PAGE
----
However, overall, Haven: City of Violence is one of the strongest D20 Modern citybooks out there. It takes a tone and runs with it right to the finish line. If you like Gotham City, if you like Hudson City, Haven will fit right in next door. Like Marv said in Sin City, "I love hitmen. No matter what you do to them, you don't feel bad." The low price tag makes this one a bargain you can't pass up. I'm giving this one extremely high marks, in part because I love the subject matter and it's clear the creators did too.



Rating:
[5 of 5 Stars!]
Haven: City of Violence (D20 Modern)
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Verge 24
Publisher: Peril Planet
by Jason C. [Featured Reviewer]
Date Added: 08/13/2009 17:21:07

For a free game that was written in 24 hours, Verge is really impressive! Okay, that's faint praise. Let me try again.

Verge is a simple, quick game that comes with an evocative setting halfway between Dickens and steampunk. Essentially the system consists of rolling a pool of d6s and counting "successes", which are those that come up 4, 5, or 6. Each of those successes permit the narrator or the player to state one thing about how the conflict goes, which can lead to some interesting back-and-forth, particularly since the areas in which your characters are highly skilled are likely to have more highly detailed narrations and attention from the players.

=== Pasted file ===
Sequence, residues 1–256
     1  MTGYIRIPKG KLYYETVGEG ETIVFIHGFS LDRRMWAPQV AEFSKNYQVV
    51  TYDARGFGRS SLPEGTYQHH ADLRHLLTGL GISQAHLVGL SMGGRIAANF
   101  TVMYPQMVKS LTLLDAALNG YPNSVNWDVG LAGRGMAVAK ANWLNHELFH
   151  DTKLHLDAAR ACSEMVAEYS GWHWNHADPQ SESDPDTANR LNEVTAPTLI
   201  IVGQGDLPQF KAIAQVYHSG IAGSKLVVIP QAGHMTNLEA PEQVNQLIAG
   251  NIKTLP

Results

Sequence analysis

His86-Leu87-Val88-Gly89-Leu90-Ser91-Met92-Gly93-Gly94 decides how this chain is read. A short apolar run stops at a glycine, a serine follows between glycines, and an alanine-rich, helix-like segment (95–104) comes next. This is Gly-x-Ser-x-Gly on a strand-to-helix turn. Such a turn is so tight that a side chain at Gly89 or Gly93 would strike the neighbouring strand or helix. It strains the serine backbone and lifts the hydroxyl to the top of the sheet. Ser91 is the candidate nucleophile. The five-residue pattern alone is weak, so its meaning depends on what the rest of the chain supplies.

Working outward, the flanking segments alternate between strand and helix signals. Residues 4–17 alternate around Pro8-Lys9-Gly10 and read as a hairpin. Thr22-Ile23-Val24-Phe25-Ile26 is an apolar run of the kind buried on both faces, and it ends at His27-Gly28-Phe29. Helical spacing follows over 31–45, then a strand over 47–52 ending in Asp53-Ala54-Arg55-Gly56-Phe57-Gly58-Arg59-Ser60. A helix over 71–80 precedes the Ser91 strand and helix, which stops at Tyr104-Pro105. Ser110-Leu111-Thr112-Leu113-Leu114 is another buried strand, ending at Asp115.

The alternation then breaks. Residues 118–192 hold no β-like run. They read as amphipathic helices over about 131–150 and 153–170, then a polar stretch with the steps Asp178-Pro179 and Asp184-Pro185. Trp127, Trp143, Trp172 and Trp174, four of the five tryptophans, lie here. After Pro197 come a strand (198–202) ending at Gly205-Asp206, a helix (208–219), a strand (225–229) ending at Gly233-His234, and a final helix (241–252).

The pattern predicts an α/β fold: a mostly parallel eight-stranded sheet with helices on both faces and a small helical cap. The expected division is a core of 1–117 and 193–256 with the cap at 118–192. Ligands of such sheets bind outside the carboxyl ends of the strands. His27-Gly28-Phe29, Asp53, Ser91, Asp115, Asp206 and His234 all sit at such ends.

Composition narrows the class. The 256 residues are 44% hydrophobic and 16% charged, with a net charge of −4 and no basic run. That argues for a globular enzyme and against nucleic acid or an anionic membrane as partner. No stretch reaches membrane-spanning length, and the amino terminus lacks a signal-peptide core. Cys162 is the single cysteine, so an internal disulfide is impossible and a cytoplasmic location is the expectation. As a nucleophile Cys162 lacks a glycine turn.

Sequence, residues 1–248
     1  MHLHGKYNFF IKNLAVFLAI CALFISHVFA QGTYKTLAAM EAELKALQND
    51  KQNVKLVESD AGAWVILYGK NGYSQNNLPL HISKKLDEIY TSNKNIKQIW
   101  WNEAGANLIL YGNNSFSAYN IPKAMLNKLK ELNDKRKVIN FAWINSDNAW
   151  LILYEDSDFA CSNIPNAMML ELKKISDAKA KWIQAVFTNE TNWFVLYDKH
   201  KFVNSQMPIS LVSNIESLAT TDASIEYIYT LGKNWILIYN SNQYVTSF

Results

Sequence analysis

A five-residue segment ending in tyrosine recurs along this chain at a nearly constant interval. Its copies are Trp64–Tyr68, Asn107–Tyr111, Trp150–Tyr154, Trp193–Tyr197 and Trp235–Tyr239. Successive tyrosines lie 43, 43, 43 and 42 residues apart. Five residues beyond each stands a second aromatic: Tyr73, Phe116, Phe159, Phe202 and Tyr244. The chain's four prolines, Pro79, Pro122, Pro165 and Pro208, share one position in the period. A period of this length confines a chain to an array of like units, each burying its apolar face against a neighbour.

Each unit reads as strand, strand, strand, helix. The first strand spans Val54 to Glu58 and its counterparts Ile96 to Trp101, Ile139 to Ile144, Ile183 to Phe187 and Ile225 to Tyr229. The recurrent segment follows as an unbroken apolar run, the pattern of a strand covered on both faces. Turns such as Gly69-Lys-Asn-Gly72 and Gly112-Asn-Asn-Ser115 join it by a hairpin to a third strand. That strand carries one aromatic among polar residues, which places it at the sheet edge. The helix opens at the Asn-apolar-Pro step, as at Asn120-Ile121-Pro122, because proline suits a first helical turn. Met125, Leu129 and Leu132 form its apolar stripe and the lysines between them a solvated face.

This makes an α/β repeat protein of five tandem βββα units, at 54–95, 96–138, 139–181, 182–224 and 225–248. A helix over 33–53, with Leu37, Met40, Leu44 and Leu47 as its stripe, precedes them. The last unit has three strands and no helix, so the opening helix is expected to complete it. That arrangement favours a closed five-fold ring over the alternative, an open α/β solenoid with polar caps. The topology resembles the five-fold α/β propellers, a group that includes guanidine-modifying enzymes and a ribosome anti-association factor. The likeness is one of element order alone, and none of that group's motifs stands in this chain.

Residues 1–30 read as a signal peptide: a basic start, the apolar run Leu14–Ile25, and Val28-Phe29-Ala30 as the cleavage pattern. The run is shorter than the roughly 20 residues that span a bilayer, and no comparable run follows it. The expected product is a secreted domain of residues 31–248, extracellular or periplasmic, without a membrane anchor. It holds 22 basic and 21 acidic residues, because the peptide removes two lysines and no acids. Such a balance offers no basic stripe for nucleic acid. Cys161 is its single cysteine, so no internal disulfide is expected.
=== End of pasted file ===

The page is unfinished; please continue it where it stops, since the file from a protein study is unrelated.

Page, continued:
An excellent start, Verge gives you a lot of different directions that you can go. By its 24-hour, 14-page (plus covers and an ad) nature, it doesn't go into great detail about anything, but it should spark some fun at the table.

The free price adds to the value and the layout is effective. There are no special PDF features.



Rating:
[4 of 5 Stars!]
Verge 24
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Blank Cards Collection
Publisher: The Other Game Company
by Jason C. [Featured Reviewer]
Date Added: 07/29/2009 14:10:57

This well-laid out set of blank cards for many different purposes is a great buy for all groups - especially since it's free. The PDF uses forms, so you can type in the info and print them out. My wife used the spell cards for playing a cleric and we liked them so much we had them laminated, so she could "lay out her hand" every morning to decide which spells her cleric would pray for. A top notch product made even better by its free price. This is everything a card collection should be.



Rating:
[5 of 5 Stars!]
Blank Cards Collection
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Bride of Portable Hole
Publisher: EN Publishing
by Jason C. [Featured Reviewer]
Date Added: 07/29/2009 14:07:36

As I mentioned in my review of the prequel to this PDF, if you like "gamer humor", snigger at Murphy's Rules, Knights of the Dinner Table, Dork Tower, Grimtooth's Traps, and all that stuff, then you'll like this humorous, often low-brow supplement. If you're like my wife and roll your eyes at that kind of thing, you won't. For my part, I roffled and lolled and did all that stuff the kids text about these days. So I give it high marks.



Rating:
[4 of 5 Stars!]
Bride of Portable Hole